Reader question: I keep hearing the term "leaky gut". What does that mean and how do I know if I have one?
Ashley’s answer: Let's start with the basics. Your “gut” (that is, your digestive tract) is a tube that runs from your mouth to your anus, and just like any tube, it can develop a leak. Think of a car tire: a small leak might go undetected for years, and aside from a little air escaping, it seems like no big deal. But if you hit a bump the wrong way--bam! A major incident can occur as the tire blows open.
Your gut tube acts the same way. Your gut lining is designed to let certain things pass in and out (so yes, the analogy has some microscopic holes in it!) but the shape and size of those particles that can pass through the gut lining are carefully regulated. Today we know that many things affect the health of our gut, especially its lining. Stress, medications, and environmental toxins stand out as the big ones that impact your gut and can make it more "leaky".
What leaky means here is that the lining separates to allow for larger particles, like bacteria and proteins, to escape or enter. When this happens, the body realizes that some things are going where they aren't allowed. The problem is that your body doesn’t get to them soon enough, and it leaks its distress through skin rashes, heating up after eating, bloating, and other seeming “allergic” reactions. Most of the time, this occurs when you eat foods with animal or plant protein.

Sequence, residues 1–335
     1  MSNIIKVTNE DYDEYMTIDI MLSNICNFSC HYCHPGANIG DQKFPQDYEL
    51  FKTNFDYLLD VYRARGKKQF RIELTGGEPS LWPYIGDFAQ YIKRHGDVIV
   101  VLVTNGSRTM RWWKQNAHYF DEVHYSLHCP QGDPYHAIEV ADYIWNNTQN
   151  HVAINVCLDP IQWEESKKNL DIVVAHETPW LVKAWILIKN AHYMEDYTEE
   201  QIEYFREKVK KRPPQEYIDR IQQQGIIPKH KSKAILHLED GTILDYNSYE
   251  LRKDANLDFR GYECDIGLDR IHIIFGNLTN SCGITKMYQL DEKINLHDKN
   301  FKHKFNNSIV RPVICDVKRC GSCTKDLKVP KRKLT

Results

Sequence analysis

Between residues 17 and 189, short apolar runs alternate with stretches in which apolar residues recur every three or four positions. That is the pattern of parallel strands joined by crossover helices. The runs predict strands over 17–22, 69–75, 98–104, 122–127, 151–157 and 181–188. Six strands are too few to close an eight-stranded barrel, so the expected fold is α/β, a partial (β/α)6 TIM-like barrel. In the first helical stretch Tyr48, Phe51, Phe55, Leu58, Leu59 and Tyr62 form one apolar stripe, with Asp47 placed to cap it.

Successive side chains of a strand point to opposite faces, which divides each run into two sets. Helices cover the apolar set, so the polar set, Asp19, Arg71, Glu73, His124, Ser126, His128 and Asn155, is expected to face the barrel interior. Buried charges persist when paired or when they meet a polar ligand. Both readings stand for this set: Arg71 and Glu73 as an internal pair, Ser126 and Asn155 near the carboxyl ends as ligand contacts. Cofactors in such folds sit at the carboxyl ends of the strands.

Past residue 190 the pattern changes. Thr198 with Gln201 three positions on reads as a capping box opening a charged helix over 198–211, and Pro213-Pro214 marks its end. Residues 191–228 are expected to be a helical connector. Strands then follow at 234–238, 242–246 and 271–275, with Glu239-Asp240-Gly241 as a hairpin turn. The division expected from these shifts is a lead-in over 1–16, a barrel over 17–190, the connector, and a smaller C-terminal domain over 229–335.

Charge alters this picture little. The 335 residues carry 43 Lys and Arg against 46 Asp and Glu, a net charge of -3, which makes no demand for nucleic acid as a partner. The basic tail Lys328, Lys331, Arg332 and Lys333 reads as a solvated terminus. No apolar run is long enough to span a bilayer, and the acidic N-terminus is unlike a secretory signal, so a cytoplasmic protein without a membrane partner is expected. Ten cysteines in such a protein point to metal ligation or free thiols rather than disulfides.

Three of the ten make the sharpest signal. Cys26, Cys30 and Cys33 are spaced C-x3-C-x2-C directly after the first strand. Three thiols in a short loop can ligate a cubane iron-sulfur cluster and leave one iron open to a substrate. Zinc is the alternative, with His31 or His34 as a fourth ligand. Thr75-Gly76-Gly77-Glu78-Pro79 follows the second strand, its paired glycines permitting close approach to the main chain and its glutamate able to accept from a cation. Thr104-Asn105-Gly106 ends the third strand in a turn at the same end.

Wondering how to know if you're getting enough protein? Find out here.
How can you tell you have a leaky gut? Your best bet is to work with a dietitian or a doctor familiar with that diagnosis. There are tests you can take (though some aren't covered by your insurance) to help the practitioners diagnose you. Then, you can work with a registered dietitian like me to develop a nutrient-dense food plan that will help you not just avoid common triggers but actually heal the gut lining.
Too often patients seek out ways to reduce the symptoms without plugging the leak, so to speak. Over the last ten years, I have seen so many more patients with leaky gut; it’s frustrating, but a diet of mostly organic whole foods can help to prevent it without relying on medications. Hope this helps!
Are you getting too much protein? Here's how to tell.
Chewing over a food quandary? Send it to AskAshley@Prevention.com.
Ashley Koff is a registered dietitian, Qualitarian, nutrition expert, and co-author of Mom Energy: A Simple Plan to Live Fully Charged (Hay House; 2011) as well as Recipes for IBS (Fair Winds Press; 2007).